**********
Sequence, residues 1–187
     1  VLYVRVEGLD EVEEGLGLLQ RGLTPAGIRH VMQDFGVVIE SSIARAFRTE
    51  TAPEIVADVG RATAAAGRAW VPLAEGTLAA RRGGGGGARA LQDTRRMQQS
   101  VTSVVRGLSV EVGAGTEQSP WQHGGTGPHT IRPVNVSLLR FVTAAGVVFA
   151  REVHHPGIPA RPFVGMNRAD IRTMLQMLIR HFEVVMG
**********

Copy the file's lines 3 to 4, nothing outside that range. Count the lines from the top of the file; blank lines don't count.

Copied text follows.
    51  TAPEIVADVG RATAAAGRAW VPLAEGTLAA RRGGGGGARA LQDTRRMQQS
   101  VTSVVRGLSV EVGAGTEQSP WQHGGTGPHT IRPVNVSLLR FVTAAGVVFA